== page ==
For fans of the previous book, it’s a lot more of the same. For newbies, consider walking the plank instead.

RAIDERS OF THE LOST SHARK

From the Ghastly McNastys series , Vol. 2

The baddies are back, and they’re ready to do anything to locate their beloved treasure, even if it means having to fake acting school experience.

When last readers saw the intrepid (and pungent) buccaneer antiheroes, Gruesome and Grisly McNasty were stuck in the belly of a whale. You can’t keep a good pirate down (or digested, anyway), however, so in no time the two are belched out and are hot on the trail of the legendary treasure of Capt. Syd. Fortunately, heroic best friends Tat and Hetty catch wind (no pun intended) of the nefarious plan and rush to foil it. Little Snoring Castle is hosting a pirate-movie production team, and that means more pirates, more misunderstandings, some terrible acting, and serious gross-out humor. A certain level of icky silliness is to be expected in typical piratical fare, but the sheer gobs of snot, slime, muck, and poo on display here effectively bury the characters, plot, and writing in general. The action never lulls for even a second, which could be considered either a good or a bad thing, depending on who’s reading the book. As for the titular “Lost Shark,” that is merely a reference to the name of the film being produced at the castle and has very little to do with the book itself.

For fans of the previous book, it’s a lot more of the same. For newbies, consider walking the plank instead. (Adventure. 9-11)

Pub Date: Aug. 1, 2015

ISBN: 978-1-77138-129-1

Page Count: 148

Publisher: Kids Can

Review Posted Online: May 18, 2015

Kirkus Reviews Issue: June 15, 2015

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Epic—in plot, not length—and as wise and wonderful as Gerald Morris’ Arthurian exploits.

KNIGHTS VS. DINOSAURS

Who needs dragons when there are Terrible Lizards to be fought?

Having recklessly boasted to King Arthur and the court that he’d slain 40 dragons, Sir Erec can hardly refuse when Merlin offers him more challenging foes…and so it is that in no time (so to speak), Erec, with bookish Sir Hector, the silent and enigmatic Black Knight, and blustering Sir Bors with his thin but doughty squire, Mel, in tow, are hewing away at fearsome creatures sporting natural armor and weapons every bit as effective as knightly ones. Happily, while all the glorious mashing and bashing leads to awesome feats aplenty—who would suspect that a ravening T. Rex could be decked by a well-placed punch to the jaw?—when the dust settles neither bloodshed nor permanent injury has been dealt to either side. Better yet, not even the stunning revelation that two of the Three Stooges–style bumblers aren’t what they seem (“Anyone else here a girl?”) keeps the questers from developing into a well-knit team capable of repeatedly saving one another’s bacon. Phelan endows the all-white human cast with finely drawn, eloquently expressive faces but otherwise works in a loose, movement-filled style, pitting his clanking crew against an almost nonstop onslaught of toothy monsters in a monochrome mix of single scenes and occasional wordless sequential panels.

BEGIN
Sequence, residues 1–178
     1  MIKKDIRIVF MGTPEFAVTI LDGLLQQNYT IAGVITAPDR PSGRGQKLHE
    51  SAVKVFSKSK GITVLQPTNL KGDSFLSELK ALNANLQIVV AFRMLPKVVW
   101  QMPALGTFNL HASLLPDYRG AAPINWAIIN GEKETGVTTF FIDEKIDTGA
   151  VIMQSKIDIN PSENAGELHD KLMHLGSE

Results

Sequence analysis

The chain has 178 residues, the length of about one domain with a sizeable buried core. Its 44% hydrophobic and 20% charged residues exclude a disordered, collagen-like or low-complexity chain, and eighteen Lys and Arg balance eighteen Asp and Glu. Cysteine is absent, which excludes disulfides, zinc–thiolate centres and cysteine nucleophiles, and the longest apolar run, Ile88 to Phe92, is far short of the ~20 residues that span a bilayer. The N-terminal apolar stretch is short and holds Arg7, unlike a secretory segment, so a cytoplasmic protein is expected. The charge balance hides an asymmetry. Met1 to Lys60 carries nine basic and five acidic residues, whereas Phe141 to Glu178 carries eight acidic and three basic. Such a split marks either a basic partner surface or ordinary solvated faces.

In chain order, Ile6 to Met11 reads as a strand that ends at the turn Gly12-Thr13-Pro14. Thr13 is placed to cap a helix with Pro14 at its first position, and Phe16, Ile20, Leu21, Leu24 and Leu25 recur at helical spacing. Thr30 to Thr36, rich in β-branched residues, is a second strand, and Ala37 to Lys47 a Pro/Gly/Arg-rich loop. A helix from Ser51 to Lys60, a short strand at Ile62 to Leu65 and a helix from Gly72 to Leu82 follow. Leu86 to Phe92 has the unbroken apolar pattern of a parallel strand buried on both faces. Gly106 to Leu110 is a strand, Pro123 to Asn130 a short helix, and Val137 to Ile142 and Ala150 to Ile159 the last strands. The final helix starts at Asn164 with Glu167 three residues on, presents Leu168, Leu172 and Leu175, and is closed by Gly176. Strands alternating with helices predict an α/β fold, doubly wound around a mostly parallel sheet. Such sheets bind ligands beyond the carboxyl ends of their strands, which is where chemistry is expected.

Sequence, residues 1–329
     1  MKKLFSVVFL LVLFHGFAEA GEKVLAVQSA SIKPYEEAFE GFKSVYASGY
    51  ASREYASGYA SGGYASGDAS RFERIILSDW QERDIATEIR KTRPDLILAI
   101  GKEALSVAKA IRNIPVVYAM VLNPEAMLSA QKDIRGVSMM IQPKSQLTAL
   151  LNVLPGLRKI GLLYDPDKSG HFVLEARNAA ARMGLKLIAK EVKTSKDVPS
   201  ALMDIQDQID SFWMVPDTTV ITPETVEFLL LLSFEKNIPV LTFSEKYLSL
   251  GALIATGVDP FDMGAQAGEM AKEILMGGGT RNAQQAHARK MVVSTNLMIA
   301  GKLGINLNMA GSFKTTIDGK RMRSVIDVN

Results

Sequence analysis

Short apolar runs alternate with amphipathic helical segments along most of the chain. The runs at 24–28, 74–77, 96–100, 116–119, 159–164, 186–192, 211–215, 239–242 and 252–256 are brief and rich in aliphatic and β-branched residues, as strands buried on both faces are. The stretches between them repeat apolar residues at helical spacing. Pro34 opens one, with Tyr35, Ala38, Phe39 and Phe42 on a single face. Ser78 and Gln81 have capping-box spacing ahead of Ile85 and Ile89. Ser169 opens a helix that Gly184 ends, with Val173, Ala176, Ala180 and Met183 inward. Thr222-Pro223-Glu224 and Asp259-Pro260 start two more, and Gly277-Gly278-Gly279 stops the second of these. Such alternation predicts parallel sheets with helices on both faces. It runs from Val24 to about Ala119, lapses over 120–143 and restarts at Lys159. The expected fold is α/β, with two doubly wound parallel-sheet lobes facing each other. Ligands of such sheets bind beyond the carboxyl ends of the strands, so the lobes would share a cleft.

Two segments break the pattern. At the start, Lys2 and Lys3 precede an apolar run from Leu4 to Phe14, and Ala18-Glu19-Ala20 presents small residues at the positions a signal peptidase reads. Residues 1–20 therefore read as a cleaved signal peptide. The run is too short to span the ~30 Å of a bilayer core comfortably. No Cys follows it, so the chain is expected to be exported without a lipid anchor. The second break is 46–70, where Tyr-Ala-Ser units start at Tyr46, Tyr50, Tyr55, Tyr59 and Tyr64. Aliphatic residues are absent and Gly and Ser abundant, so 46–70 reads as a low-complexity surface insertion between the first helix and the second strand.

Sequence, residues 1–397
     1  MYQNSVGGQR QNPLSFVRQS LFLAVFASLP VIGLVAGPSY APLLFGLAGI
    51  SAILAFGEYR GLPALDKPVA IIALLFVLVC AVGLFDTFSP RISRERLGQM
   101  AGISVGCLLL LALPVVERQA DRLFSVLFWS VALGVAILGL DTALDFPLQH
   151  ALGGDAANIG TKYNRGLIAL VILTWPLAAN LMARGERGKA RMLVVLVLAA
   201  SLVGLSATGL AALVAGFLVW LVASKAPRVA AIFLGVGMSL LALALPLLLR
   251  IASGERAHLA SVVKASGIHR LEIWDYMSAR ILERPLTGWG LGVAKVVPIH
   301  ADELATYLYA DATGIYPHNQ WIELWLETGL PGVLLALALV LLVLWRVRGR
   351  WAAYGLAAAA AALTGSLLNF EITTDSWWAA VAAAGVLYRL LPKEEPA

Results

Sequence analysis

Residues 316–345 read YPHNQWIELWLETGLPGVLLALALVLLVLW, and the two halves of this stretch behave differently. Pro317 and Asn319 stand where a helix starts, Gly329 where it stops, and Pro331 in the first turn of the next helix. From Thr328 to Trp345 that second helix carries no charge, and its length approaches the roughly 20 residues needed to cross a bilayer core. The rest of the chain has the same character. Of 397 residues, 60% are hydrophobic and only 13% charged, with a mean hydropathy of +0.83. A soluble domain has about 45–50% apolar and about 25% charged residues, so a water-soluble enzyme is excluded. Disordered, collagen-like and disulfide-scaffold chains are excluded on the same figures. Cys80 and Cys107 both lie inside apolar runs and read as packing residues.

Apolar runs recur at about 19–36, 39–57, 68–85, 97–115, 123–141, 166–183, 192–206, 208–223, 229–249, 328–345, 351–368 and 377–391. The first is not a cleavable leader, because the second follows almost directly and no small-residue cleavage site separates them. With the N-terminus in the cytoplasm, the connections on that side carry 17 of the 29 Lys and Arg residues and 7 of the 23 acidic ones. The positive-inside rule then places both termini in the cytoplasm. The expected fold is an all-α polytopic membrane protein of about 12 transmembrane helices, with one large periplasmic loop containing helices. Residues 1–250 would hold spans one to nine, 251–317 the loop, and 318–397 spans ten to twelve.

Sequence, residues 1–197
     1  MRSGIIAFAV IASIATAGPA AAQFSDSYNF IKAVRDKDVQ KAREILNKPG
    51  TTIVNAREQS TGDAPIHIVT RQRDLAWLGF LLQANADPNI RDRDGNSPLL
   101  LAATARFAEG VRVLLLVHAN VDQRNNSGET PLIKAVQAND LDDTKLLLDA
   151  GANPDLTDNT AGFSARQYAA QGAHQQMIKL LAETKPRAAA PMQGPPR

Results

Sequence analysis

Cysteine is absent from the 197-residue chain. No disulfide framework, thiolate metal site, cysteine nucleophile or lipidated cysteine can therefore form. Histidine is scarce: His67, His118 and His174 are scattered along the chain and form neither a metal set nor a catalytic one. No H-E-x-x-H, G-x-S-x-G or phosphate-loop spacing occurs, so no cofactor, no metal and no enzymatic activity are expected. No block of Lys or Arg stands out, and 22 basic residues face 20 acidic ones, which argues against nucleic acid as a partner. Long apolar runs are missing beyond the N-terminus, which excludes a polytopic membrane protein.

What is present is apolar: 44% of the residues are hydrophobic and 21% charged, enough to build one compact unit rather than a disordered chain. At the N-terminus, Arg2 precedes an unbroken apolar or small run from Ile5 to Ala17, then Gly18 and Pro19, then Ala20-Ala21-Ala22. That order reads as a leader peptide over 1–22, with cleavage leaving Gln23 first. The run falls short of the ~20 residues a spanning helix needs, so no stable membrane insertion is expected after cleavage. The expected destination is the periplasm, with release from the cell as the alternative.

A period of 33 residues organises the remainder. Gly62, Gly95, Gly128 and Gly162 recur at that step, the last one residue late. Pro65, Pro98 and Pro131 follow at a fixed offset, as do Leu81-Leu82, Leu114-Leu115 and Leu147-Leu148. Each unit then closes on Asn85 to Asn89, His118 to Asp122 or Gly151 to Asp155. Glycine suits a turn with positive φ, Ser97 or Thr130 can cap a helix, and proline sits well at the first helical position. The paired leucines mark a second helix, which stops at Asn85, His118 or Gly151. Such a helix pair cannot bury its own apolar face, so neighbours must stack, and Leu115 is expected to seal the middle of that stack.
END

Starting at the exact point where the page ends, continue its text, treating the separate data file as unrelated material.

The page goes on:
Epic—in plot, not length—and as wise and wonderful as Gerald Morris’ Arthurian exploits. (Graphic/fantasy hybrid. 9-11)

Pub Date: Oct. 23, 2018

ISBN: 978-0-06-268623-7

Page Count: 160

Publisher: Greenwillow Books

Review Posted Online: June 25, 2018

Kirkus Reviews Issue: July 15, 2018

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It’s not the first time old Ben has paid our times a call, but it’s funny and free-spirited, with an informational load that...

BEN FRANKLIN'S IN MY BATHROOM!

Antics both instructive and embarrassing ensue after a mysterious package left on their doorstep brings a Founding Father into the lives of two modern children.

Summoned somehow by what looks for all the world like an old-time crystal radio set, Ben Franklin turns out to be an amiable sort. He is immediately taken in hand by 7-year-old Olive for a tour of modern wonders—early versions of which many, from electrical appliances in the kitchen to the Illinois town’s public library and fire department, he justly lays claim to inventing. Meanwhile big brother Nolan, 10, tags along, frantic to return him to his own era before either their divorced mom or snoopy classmate Tommy Tuttle sees him. Fleming, author of Ben Franklin’s Almanac (2003) (and also, not uncoincidentally considering the final scene of this outing, Our Eleanor, 2005), mixes history with humor as the great man dispenses aphorisms and reminiscences through diverse misadventures, all of which end well, before vanishing at last. Following a closing, sequel-cueing kicker (see above) she then separates facts from fancies in closing notes, with print and online leads to more of the former. To go with spot illustrations of the evidently all-white cast throughout the narrative, Fearing incorporates change-of-pace sets of sequential panels for Franklin’s biographical and scientific anecdotes. Final illustrations not seen.

It’s not the first time old Ben has paid our times a call, but it’s funny and free-spirited, with an informational load that adds flavor without weight. (Graphic/fantasy hybrid. 9-11)

Pub Date: Sept. 26, 2017

ISBN: 978-1-101-93406-7

Page Count: 240

Publisher: Schwartz & Wade/Random

Review Posted Online: May 10, 2017

Kirkus Reviews Issue: June 1, 2017

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